Comparative study of crosshole seismic reflection and VSP imaging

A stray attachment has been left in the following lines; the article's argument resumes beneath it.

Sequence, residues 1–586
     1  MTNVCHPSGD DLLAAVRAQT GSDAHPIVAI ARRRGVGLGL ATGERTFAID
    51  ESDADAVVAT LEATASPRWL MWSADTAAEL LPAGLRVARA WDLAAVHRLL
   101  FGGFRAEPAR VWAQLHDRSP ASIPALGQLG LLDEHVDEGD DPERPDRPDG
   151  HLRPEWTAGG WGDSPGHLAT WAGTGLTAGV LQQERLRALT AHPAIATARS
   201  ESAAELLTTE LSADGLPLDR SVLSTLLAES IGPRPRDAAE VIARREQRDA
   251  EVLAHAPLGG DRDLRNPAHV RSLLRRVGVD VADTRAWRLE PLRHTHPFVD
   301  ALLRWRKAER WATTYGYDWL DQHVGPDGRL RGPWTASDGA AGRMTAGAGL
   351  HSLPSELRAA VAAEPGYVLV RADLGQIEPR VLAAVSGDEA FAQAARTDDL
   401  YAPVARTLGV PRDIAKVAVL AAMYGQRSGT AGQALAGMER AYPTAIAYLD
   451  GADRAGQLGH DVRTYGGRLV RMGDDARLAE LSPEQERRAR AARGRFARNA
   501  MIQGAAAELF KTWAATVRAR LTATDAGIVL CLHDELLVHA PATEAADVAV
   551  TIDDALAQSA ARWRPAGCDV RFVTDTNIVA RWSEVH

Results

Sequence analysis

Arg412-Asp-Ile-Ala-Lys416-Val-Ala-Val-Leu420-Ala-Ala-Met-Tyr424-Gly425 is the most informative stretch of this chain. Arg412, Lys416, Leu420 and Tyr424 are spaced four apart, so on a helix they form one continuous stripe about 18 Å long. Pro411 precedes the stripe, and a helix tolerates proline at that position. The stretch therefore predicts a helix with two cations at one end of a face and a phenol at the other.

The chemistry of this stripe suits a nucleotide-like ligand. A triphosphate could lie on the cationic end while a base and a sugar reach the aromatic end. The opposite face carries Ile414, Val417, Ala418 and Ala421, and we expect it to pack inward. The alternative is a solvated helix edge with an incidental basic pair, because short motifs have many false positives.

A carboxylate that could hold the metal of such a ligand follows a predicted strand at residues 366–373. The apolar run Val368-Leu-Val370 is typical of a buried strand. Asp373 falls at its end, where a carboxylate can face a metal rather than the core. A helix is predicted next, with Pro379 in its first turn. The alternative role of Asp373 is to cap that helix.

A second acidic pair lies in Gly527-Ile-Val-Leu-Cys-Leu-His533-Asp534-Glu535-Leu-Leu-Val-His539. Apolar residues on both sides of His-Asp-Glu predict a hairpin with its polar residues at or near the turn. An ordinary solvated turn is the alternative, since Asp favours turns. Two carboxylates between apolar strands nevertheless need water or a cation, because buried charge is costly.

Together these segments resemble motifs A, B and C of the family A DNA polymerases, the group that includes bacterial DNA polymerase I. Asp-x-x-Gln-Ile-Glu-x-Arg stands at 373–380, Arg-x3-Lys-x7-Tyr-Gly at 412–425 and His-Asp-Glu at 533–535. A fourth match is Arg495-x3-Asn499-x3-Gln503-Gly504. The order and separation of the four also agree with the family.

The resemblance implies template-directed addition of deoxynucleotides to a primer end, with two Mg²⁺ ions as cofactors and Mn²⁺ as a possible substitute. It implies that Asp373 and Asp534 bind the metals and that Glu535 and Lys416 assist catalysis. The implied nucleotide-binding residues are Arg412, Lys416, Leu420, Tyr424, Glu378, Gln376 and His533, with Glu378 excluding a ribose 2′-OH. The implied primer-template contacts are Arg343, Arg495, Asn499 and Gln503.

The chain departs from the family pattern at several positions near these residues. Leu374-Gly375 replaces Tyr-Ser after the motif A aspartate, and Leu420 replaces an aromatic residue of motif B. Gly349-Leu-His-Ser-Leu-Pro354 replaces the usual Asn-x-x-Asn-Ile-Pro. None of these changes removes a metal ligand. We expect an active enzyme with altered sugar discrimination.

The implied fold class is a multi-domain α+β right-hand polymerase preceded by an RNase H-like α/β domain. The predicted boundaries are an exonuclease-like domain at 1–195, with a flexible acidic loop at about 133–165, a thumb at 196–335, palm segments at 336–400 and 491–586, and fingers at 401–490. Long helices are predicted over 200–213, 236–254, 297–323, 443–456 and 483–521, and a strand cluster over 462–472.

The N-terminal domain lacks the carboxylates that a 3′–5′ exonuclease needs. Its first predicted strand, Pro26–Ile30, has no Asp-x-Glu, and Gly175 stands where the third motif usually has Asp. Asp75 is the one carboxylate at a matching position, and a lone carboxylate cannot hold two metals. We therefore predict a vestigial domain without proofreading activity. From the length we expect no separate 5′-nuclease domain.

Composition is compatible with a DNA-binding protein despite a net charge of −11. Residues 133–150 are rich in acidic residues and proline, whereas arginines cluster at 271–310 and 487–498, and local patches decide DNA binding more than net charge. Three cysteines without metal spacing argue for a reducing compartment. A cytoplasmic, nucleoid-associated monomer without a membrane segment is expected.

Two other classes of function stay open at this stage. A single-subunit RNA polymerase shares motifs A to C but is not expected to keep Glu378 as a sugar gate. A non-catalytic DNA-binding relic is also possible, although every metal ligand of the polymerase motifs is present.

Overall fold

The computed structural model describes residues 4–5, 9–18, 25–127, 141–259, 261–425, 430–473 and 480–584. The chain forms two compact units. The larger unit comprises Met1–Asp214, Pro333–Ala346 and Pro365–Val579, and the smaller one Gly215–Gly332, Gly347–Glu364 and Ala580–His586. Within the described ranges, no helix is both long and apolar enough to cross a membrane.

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The application of conventional surface seismic methods for mineral exploration is often challenged by environmental factors such as rough terrain and thick vegetation cover. To image deep-seated vertical structures by conventional surface and VSP methods requires considerable horizontal offsets and surface sources are often degraded by highly attenuating regolith. The Crosshole Seismic Reflection (CSR) method in conjunction with Kirchhoff migration is an alternative higher resolution seismic imaging method in such challenging situations. Using a simplified model of magmatic nickel sulphide mineralization in the Kambalda region of Western Australia, the CSR imaging method has been evaluated by comparing migration images with those of multiple-offset VSP (MVSP). Kirchhoff VSP migration was adapted to create Pre-stack Depth Migrated images outside of the inter-borehole space. High resolution images of the ultramafic-basalt contact and a steeply dipping fault were obtained in both methods. Because of the large surface source aperture, the MVSP geometry provided greater coverage of the ultramaficbasalt. However, the CSR geometry provides similar coverage with a higher fidelity image and greater depth imaging. Our case study show that the CSR method serves as a suitable alternative to conventional surface seismic and VSP where there are surface mobility restrictions.
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